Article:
The Hungarian government has authorized the foreign minister to conclude bilateral agreements on the mutual recognition of Covid-19 immunity certificates. It was also announced yesterday that Hungary has agreed with Serbia and Montenegro to mutually recognize immunity certificates.
Gergely Gulyás, Head of the Prime Minister’s Office, said Hungary will seek to conclude a bilateral agreement with every country that is open to entering into such an agreement. Under a prospective agreement, a holder of a Hungarian immunity certificate would be entitled to the same benefits as a certificate-holder of the partner country, Gulyás said, adding that Hungary, too, would recognize the partner country’s immunity certificate. The government is also planning to amend the penal code, making forging immunity certificates and presenting them a serious offence, Gulyás said. Service providers could also face serious consequences if they fail to ask customers to present their certificates, with fines from HUF 100,000 (EUR 280) to HUF 1 million and even imprisonment possibilities, he added.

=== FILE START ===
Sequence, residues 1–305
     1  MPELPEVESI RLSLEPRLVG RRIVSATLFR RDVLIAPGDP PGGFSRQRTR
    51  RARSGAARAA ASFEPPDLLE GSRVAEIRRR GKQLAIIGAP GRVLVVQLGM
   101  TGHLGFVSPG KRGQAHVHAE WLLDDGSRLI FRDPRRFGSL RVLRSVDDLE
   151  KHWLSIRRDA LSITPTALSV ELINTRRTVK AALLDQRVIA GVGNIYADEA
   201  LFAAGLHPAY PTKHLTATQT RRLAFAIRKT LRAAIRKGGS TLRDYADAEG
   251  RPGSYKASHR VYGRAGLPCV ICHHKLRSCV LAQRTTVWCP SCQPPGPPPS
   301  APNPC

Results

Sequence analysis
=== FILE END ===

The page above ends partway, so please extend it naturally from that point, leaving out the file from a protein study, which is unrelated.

The minister said restrictions concerning family and private events will stay in force, adding that wedding feasts would again be allowed once the number of inoculated Hungarians reaches 5 million; possibly by the third weekend of May. Mask-wearing continues to be mandatory in public areas, in shops and on public transport, and restrictions on assembly will also stay in effect until vaccinations reach a viable threshold. Those who have not yet received their shots may get vaccinated in short order and receive an immunity certificate, he said.
Concerning vaccine-related information the government recently published, Gulyás said the figures showed that “every vaccine is effective and there are no great differences between them: all reduce the risk of infection to a minimum.”